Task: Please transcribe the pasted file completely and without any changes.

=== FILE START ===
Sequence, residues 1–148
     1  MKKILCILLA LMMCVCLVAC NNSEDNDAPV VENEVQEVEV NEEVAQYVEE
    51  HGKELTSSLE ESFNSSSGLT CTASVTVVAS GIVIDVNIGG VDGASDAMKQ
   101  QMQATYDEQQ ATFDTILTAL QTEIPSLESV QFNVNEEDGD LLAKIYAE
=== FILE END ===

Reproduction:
Sequence, residues 1–148
     1  MKKILCILLA LMMCVCLVAC NNSEDNDAPV VENEVQEVEV NEEVAQYVEE
    51  HGKELTSSLE ESFNSSSGLT CTASVTVVAS GIVIDVNIGG VDGASDAMKQ
   101  QMQATYDEQQ ATFDTILTAL QTEIPSLESV QFNVNEEDGD LLAKIYAE